The writer of Hebrews was addressing the works of religion. We can serve our dead works or we can walk by the Spirit and serve God. In this same chapter about entering into God’s rest we read,

…Today, after so long a time; as it is said, Today if you will hear his voice, harden not your hearts. (Heb 4:7, KJ2000)

“While it is yet today” we are to enter into His rest. Today means moment by moment, living in the now. When we are bound by sin and our self-centered ways we are driven by thoughts of the past, by guilt or by worries of what tomorrow may bring. God’s voice is in the now. He calls Himself, the I AM, not the I Was or the I Will Be. We must leave our old ways of doing things and stop listening to our own thoughts long enough to hear HIS voice moment by moment while it is still called “Today.” We don’t listen to His voice because we habitually listen to our own inner voice and the confusion of our own thoughts. God calls this state of affairs a hardened heart. Yes, today after so long a time we must start listening to His voice, and when we obey that voice we start doing live works instead of dead works.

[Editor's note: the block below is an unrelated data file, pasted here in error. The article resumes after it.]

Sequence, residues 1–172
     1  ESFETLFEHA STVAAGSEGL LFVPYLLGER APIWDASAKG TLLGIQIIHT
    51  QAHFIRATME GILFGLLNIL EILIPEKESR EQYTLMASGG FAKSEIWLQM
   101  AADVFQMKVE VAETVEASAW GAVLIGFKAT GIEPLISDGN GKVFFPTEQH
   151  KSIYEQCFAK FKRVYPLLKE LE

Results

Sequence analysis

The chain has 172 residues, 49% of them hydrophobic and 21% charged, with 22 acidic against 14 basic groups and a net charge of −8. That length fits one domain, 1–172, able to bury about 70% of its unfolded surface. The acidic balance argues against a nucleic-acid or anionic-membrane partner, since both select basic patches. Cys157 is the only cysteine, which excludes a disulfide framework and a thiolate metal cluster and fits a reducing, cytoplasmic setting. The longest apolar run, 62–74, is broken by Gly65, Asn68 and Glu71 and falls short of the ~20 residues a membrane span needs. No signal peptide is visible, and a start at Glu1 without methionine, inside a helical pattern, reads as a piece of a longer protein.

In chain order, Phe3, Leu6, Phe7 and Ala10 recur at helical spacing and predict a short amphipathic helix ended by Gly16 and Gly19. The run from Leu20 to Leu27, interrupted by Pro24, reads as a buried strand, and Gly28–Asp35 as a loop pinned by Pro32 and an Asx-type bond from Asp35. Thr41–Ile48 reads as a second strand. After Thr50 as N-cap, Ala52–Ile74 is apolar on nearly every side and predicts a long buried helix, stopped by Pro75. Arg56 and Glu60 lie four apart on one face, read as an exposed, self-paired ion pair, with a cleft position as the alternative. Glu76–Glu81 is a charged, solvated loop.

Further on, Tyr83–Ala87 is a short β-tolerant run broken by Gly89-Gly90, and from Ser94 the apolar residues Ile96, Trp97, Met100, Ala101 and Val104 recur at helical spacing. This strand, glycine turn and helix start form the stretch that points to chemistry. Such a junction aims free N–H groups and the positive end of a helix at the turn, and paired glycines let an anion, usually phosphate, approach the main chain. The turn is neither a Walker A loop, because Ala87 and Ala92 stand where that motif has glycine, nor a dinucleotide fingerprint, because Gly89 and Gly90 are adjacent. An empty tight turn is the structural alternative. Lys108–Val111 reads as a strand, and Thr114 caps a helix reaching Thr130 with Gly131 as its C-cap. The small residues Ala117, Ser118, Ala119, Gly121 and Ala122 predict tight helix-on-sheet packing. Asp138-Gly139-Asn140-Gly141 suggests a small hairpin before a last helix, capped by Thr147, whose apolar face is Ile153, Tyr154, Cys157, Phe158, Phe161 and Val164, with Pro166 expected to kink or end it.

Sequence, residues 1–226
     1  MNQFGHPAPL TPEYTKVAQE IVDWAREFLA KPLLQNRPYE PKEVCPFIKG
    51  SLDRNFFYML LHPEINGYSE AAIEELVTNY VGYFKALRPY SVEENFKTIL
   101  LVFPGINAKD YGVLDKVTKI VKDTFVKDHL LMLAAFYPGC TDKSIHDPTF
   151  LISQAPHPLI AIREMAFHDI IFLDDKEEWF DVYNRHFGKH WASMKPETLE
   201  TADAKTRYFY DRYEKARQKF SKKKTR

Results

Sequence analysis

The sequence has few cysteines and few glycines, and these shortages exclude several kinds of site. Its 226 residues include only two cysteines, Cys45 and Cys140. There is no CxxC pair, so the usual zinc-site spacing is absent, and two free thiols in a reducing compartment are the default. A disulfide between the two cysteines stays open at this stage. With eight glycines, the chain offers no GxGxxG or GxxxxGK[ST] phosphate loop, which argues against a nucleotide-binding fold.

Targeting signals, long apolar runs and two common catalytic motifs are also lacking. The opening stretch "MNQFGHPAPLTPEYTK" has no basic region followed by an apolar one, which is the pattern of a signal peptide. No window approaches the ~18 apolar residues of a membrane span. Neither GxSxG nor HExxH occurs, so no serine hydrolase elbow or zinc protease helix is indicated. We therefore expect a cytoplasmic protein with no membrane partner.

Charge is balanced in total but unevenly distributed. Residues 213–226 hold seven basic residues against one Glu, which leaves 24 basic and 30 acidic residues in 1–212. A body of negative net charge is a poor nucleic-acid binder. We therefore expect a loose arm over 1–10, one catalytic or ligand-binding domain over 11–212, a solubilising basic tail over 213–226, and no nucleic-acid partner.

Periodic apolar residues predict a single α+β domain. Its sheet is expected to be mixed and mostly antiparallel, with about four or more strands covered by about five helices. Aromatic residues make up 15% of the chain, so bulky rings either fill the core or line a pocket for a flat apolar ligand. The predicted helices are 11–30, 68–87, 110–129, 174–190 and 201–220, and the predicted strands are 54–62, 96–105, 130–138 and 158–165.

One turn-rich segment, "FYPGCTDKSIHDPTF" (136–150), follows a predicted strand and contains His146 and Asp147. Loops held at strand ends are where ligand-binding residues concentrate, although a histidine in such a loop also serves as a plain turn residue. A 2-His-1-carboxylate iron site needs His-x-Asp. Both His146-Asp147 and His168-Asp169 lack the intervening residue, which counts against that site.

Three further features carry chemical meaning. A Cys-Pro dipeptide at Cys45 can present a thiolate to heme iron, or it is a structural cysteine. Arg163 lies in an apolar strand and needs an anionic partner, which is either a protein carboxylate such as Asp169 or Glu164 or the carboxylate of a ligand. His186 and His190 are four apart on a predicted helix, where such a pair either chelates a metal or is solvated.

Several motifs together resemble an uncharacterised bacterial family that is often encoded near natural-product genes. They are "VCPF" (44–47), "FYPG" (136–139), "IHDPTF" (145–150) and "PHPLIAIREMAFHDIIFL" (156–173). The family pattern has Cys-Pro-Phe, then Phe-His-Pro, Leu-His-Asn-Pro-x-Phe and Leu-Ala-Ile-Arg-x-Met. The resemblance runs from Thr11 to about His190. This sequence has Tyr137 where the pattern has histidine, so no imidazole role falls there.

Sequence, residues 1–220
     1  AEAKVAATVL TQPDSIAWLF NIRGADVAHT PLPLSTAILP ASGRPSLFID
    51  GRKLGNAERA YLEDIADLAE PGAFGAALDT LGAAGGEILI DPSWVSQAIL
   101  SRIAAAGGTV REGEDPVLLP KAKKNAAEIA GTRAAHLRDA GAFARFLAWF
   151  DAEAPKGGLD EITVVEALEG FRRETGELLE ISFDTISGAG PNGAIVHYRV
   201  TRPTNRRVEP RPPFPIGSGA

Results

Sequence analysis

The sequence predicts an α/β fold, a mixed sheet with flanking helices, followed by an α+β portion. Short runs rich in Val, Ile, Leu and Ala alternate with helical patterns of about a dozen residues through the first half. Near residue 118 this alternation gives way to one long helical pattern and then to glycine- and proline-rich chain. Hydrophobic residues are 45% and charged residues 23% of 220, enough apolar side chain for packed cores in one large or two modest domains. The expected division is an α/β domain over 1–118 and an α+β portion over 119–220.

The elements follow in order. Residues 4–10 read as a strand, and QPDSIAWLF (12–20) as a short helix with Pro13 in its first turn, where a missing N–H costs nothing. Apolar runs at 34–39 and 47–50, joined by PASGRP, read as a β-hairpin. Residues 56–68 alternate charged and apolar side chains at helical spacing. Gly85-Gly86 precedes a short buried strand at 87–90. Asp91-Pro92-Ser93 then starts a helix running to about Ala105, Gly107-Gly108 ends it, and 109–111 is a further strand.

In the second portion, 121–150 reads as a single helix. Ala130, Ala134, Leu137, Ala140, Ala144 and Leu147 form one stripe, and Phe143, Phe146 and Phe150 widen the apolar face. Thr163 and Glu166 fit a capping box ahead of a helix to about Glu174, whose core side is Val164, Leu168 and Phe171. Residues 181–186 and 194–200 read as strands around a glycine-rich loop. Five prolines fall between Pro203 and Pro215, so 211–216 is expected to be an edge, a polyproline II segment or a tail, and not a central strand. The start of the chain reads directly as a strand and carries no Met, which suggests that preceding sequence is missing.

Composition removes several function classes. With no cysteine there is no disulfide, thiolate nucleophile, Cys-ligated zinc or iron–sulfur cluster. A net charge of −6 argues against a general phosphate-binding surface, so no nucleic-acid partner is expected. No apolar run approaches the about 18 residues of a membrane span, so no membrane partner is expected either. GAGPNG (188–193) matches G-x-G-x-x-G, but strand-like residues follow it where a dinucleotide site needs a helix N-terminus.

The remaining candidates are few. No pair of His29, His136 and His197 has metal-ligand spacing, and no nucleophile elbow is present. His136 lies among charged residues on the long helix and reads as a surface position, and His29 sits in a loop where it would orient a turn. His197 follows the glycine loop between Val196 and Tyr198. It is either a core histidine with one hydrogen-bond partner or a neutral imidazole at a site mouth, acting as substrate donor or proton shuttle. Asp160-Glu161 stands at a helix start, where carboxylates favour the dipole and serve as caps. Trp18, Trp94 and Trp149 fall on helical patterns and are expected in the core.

These dead works were being done by Jewish Christians, Hebrews who were still clinging to the Old Covenant. For them it was all about what the voice of God said YesterdayAll their religious activities were separating them from the perfect work of Christ as their ONE Mediator. They were still loyal to that other mediator of the Old Covenant, the Law of Moses, instead of the New Covenant of the Living Christ (See Jeremiah 31-31-34). They failed to enter into the Promised Land because of unbelief. They had works, but no faith and rebellion against God was the result.